Do you find yourself dozing off at your desk, even after what you thought was a good night’s rest? Then you probably have the same question as so many others: How much do I need to sleep? The answer of how many hours you need is not so straightforward, said Dr. Raj Dasgupta, an assistant professor of clinical medicine in the division of pulmonary, critical care and sleep medicine at the Keck School of Medicine of the University of Southern California.Sleep needs are very individualized, he said, but the general recommendation — the “sweet spot” — is to get seven to nine hours of sleep a night. Recommendations really change as people age, however.”Sleep needs vary over the lifespan,” said Christina Chick, a postdoctoral scholar in psychiatry and behavioral sciences at Stanford University.
CDC’s sleep guideline
Adults should get at least seven hours of sleep a night, but 1 in 3 of them don’t, according to the US Centers for Disease Control and Prevention. Poor sleep has been associated with long-term health consequences, such as higher risk of cardiovascular disease, diabetes, obesity and dementia. In the short term, even one day of sleep loss can harm your well-being, according to a recent study. People who get poor sleep might also be predisposed to conditions such as anxiety, depression and bipolar disorder, Dasgupta said.”There are chronic consequences, and there are acute consequences, which is why sleep is more than just saying, ‘The early bird gets the worm,'” he said. “It’s much more than that.”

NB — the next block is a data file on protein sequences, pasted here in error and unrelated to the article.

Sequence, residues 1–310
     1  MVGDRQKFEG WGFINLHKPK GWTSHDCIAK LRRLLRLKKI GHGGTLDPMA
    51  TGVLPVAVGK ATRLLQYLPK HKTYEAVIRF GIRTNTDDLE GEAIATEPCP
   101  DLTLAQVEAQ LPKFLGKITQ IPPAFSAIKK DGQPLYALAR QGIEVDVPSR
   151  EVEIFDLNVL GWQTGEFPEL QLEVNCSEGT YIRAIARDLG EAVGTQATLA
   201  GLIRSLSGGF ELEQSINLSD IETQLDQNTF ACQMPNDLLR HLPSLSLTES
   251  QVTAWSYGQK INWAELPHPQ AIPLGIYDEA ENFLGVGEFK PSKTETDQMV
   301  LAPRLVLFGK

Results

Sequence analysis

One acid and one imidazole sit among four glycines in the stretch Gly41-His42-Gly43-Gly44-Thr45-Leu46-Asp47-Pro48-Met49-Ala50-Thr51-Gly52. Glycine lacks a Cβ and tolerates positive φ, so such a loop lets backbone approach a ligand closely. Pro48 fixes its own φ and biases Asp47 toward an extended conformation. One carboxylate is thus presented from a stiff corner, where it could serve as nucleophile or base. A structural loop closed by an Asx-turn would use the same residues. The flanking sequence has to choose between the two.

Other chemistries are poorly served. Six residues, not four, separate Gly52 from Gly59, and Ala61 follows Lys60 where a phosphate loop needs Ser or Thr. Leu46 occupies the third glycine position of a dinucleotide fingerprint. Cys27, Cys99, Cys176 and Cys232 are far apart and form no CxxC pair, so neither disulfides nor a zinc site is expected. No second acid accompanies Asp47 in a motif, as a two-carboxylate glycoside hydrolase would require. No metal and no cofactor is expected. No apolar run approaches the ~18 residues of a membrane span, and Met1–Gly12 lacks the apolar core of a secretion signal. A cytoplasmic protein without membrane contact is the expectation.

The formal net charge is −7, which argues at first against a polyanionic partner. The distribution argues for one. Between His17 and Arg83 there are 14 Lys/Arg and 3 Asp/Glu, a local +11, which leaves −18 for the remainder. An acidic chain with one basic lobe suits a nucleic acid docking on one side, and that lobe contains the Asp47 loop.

Sleep for kids and teens
If it feels like babies are sleeping all day, they pretty much are. In the first year of life, babies can sleep 17 to 20 hours a day, Dasgupta said. Infants 4 months to 12 months need their 12 to 16 hours of sleep, including naps, according to Chick. Toddlers, who are between the ages of 1 and 3, should get 11 to 14 hours of sleep, according to Dr. Bhanu Kolla, associate professor of psychiatry and psychology at the Mayo Clinic with a special interest in sleep. Children ages 3 to 5 should sleep for 10 to 13 hours, he added, and from ages 6 to 12, they should sleep nine to 12 hours. For kids up to age 5, these sleep recommendations include naps, Chick said. Teenagers should get eight to 10 hours of sleep, Kolla said. This recommendation has sparked a debate in recent years about start times for school.
“As children move toward adolescence, they naturally prefer to go to sleep later and wake up later,” Chick said. “This is why school start times are such an important focus of debate: If you can’t fall asleep until later, but your school start time remains the same, you’re going to get less sleep.” The quantity of sleep is important, but so is the quality of it, Dasgupta added. Getting deeper sleep and hitting the rapid eye movement (REM) stage helps with cognition, memory and productivity throughout the day. REM is the sleep stage where memories are consolidated and stored. It also allows us to dream vividly. People can sometimes get the right quantity of sleep but still feel fatigued, and this might mean they aren’t reaching these sleep stages.